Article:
Keywords: Bahnar ethnic group, decorative patterns, the central highlands of Vietnam, the traditional color scheme

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5203 Effect of Fenugreek Seed with Aerobic Exercise Training on Insulin Resistance in Women with Type 2 Diabetes

Authors: M. Nasiri

Abstract:

Aim: Considering the hypoglisimic ad hipolipidimic effect of the fenugreek seed and aerobic exercise training, this study was conducted to evaluate the effect of fenugreek and aerobic exercise training on insulin resistance in women with type 2 diabetes. Methodology: 32 patients with type II diabetes were selected and randomly divided into four groups: control, fenugreek, training and fenugreek - training. Fenugreek groups used 10 grams of fenugreek seeds daily for eight weeks on two occasions before noon and evening meal. Training of groups is also performed a regular program of aerobic exercise 65-55% of maximum heart rate (4 days per week).Two days before and after the training period, blood samples were taken from their brachial veins in a fasting state (12 hours prior to the test) in a sitting position. The data was analyzed used of t-independent and ANOVA at a significance level of α < 0.05. Results: Intra-group changes in all experimental groups showed that significant decrease insulin resistance, and the difference between groups showed significant difference between the groups of fenugreek - training than other groups there. Conclusions: According to the research findings to fenugreek combined with aerobic exercise more beneficial effect on the inhibition of insulin resistance in women with diabetes are recommended to them.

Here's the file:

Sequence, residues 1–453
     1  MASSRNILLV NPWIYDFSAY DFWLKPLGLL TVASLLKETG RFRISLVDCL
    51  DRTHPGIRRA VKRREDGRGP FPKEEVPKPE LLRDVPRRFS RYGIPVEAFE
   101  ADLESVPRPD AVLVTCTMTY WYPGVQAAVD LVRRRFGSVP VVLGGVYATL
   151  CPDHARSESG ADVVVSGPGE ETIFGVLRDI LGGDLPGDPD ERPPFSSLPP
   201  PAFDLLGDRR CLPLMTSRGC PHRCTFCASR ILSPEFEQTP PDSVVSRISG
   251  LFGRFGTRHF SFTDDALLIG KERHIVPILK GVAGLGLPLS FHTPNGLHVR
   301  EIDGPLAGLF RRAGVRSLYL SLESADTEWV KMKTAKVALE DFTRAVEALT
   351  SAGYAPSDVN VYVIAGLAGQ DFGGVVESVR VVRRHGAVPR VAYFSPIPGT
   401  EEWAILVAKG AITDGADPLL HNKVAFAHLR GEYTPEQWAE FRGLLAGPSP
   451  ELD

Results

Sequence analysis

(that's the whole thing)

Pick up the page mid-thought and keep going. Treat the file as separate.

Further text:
Keywords: fenugreek, training, insulin resistance, diabetes

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5202 The Pile Group Efficiency for Different Embedment Lengths in Dry Sand

Authors: Mohamed M. Shahin

Abstract:

This study investigated the design of the pile foundation to support heavy structures-especially bridges for highways-in the Sahara, which contains many dunes of medium dense sand in different levels, where the foundation is supposed to be piles. The base resistance of smooth model pile groups in sand under static loading is investigated experimentally in a pile soil test apparatus. Improvement were made to the sand around the piles in order to increase the shaft resistance of the single pile and the pile groups, and also base resistance especially for the central pile in pile groups. The study outlines the behaviour of a single-pile, 4-, 5-, and 9- pile groups arranged in a doubly symmetric [square] layout with different embedment lengths and pile spacing in loose dry sand [normal] and dense dry sand [compacted] around the piles. This study evaluate the variation of the magnitude and the proportion of end bearing capacity of individual piles in different pile groups. Also to investigate the magnitude of the efficiency coefficient in the case of different pile groups.